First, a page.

As you stand atop the still-warm pile of corpses left over from your battle, you slowly sink back to the floor. The bodies, like so many before, are absorbed into the stone floor of the dungeon and disappear. And again, you do not question it.

Video game developers have always had to use clever tricks to get the most out of the game engines under the hood. In Super Mario Bros. the clouds are the exact same art as the bushes, just to save a tiny bit of memory (and if you hadn’t noticed before you will next time you play it).

For any game engine, one of the more taxing processes is the game’s enemies. They’re not just pixels thrown at a canvas; they’re physics, artificial intelligence, collision detection, and a dozen more variables that have to be processed constantly. Get too many on the screen, and the hardware might not be able to handle them all.

Maybe you’ve seen the Skyrim cheese explosion:

The game’s performance slows to a crawl, and those aren’t individual, thinking characters or enemies—those are just wheels of cheese. The point is game engines can only handle so many things at a time, and when it comes to games with long battles that would otherwise leave the ground littered with corpses, developers get around this by making enemies disappear once you defeat them. Whether bodies just poof into a cloud, sink into the floor, disintegrate, or disappear in an explosion of confetti, almost all disappear into the ether eventually, usually a few seconds after you defeat them.

This is where games like Dead Rising 3 are technically impressive, the sheer number of zombies on screen at once seeming overwhelming. Each one has its own artificial intelligence, textures, physics, and more. Thousands of processes running at once, streamlined to all work without slowing the game down.

The trick goes back to early games, like an interesting mechanic for 1978’s Space Invaders: designer Tomohiro Nishikado discovered that the more aliens you kill, the faster the game’s remaining enemies become, because the hardware could process them more quickly when there were fewer of them. He left it that way so that the game would gradually increase in difficulty as you play.

Now games are expected to run at full speed all the time, and they make defeated enemies disappear to achieve that. Some games might intentionally subvert this trope, however, or use it to the game’s advantage—a disappearing body can be a tool for the developer to try something new. Here are some examples.

The original Sonic the Hedgehog games had an incredible amount of detail. The game’s enemies were innocent creatures weaponized by the evil Dr. Robotnik, and rather than simply disappearing they would explode into the animals they once were. It’s a little effect that ties into how the game is so beautiful—the tiny details.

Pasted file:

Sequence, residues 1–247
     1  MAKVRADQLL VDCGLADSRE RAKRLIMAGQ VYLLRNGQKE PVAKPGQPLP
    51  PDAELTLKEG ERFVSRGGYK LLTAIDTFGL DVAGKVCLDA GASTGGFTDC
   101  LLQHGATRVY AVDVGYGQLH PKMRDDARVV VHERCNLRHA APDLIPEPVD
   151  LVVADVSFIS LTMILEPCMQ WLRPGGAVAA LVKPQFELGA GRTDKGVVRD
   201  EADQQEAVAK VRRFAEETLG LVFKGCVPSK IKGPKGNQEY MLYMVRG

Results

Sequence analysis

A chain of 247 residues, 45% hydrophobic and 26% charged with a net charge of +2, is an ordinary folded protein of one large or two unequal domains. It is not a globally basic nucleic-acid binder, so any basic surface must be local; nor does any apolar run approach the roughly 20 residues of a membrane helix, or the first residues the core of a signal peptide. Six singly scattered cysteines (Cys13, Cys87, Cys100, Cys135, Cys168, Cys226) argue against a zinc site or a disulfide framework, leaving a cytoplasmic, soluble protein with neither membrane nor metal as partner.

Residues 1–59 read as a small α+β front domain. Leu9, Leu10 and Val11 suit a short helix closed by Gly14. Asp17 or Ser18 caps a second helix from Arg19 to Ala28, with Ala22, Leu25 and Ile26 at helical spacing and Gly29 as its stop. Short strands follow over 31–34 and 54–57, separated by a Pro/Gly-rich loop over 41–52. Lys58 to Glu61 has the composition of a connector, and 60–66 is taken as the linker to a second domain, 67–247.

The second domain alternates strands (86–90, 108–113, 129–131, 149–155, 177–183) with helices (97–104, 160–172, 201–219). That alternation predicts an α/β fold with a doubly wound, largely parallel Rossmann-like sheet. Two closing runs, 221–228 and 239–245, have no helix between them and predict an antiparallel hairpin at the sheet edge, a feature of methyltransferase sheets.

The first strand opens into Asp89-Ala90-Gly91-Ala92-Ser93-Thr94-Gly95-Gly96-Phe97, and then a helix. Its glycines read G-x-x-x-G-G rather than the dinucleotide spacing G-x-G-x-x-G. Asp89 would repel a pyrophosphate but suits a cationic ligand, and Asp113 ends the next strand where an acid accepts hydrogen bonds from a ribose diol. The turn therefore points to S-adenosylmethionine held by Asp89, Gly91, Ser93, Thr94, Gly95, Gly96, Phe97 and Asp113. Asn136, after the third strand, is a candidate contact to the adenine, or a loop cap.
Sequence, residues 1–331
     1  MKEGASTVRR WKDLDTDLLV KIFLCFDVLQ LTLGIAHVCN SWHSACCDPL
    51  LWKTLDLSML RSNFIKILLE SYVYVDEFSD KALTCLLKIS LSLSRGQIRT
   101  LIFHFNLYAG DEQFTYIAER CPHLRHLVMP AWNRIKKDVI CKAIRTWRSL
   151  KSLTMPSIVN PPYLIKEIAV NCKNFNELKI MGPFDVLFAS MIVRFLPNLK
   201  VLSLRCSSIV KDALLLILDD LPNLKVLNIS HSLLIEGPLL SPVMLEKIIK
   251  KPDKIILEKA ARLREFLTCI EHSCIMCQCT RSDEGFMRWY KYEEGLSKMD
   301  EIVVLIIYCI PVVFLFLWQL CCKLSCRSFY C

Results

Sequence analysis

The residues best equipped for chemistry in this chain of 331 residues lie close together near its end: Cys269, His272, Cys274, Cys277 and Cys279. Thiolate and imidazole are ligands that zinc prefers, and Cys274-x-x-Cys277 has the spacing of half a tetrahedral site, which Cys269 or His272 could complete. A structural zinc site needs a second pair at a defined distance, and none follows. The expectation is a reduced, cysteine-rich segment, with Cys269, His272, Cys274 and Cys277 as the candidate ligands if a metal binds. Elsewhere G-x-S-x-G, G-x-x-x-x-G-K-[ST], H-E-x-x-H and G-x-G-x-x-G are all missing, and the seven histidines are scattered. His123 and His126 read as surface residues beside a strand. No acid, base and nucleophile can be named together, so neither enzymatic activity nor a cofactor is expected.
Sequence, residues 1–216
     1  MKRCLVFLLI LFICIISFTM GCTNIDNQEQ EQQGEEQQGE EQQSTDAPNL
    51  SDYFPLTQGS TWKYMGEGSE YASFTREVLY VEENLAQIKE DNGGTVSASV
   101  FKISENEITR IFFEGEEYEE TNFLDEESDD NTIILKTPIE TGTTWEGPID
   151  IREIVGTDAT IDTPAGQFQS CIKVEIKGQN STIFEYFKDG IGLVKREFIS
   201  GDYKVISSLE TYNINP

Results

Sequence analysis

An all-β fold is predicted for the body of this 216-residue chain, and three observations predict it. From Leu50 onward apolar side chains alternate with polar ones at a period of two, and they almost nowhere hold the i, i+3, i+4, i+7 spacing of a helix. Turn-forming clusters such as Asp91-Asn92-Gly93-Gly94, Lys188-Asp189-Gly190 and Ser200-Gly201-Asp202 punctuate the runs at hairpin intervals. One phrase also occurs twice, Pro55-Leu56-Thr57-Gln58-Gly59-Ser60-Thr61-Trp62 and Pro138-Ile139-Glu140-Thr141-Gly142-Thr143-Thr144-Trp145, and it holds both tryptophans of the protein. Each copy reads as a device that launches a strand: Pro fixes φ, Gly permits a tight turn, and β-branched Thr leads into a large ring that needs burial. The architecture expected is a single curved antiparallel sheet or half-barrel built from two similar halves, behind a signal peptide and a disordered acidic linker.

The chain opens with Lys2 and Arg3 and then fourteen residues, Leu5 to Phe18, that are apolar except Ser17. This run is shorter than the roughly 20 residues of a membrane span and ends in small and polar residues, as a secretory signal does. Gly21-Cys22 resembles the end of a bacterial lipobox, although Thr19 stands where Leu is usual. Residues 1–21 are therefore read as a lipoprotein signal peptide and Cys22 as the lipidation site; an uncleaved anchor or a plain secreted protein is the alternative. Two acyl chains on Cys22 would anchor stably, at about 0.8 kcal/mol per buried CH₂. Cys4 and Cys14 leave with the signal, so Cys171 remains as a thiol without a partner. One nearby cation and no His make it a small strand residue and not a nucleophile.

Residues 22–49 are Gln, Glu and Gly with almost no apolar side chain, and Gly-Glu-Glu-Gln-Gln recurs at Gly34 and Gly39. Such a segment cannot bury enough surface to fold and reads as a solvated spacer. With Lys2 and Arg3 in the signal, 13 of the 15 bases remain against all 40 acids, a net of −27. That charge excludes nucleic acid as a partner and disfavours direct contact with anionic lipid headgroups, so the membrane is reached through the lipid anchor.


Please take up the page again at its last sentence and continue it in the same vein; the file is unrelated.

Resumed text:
This has been a staple of the 2D Sonic series, tiny details in the background to give the world some movement and life. Waving foliage, animals hopping around, and innocent wildlife make up the beautiful worlds of Sonic, and the animals that appear upon enemy death are the cherry on top.

One of the original survival horror games, Resident Evil set the bar for many games to follow. While you remain in an area, a body will stay where it is, although leaving and reentering causes them to disappear. Some zombies, however, will play dead, lying down until you get too close before latching on to your leg. This can even happen right at the start of the game; the first zombie you kill can fall to the floor, then chomp on your ankle when you go past it later.

Resident Evil originally appeared on the PlayStation, and dead zombie behavior was changed in the 2002 Gamecube remake. Zombies that hadn’t had their head blown off or their kneecaps shattered, or been burned, will, between 30 minutes and an hour later, get back up as a much more dangerous “Crimson Head” zombie.

While the majority of creatures disappear upon death in Shadow of the Colossus, the Colossi do not. In fact, you can return to the fallen Colossi to relive the battle even after you defeat them. The choice to have the Colossi remain in place was deliberate, to cement the gravity of your actions as the player.

It is a reminder of the actions you take in games, sometimes going through the motions without really thinking about why.

A cult hit, Okami was a Playstation 2 game that used Japanese mythology and folklore as a basis in both its visual design and story. You play Amaterasu, the goddess of the sun, and must remove the curse from the land.

To fit in with this theme, when enemies are killed, they explode and spread a bed of flowers, representing Amaterasu cleansing the land and bringing back the beautiful wildlife.

A surprisingly fantastic adaptation of both the graphic novels and film, Scott Pilgrim vs. The World: The Game has enemies, as you might hope, explode into a shower of coins, just like in the source material.

The use of this in the graphic novels is a reference to games in the first place, so it only makes sense.

Every game deals with the disappearing body trope differently. Some games allow the player to use the dead bodies of enemies as weapons, while others, like the Dark Souls series, don’t make them disappear at all, but instead leave them flopping around on the floor.

Maybe one day technology will let games keep their corpses around forever, and the dream of standing atop a mountain of your slain enemies will finally be a reality.

Hannah Dwan is a freelance games journalist who spends too much time rambling about her favorite titles. You can see those opinions at @hoeyboey.

Gamer Next Door Pamela Horton shows off her cosplay chops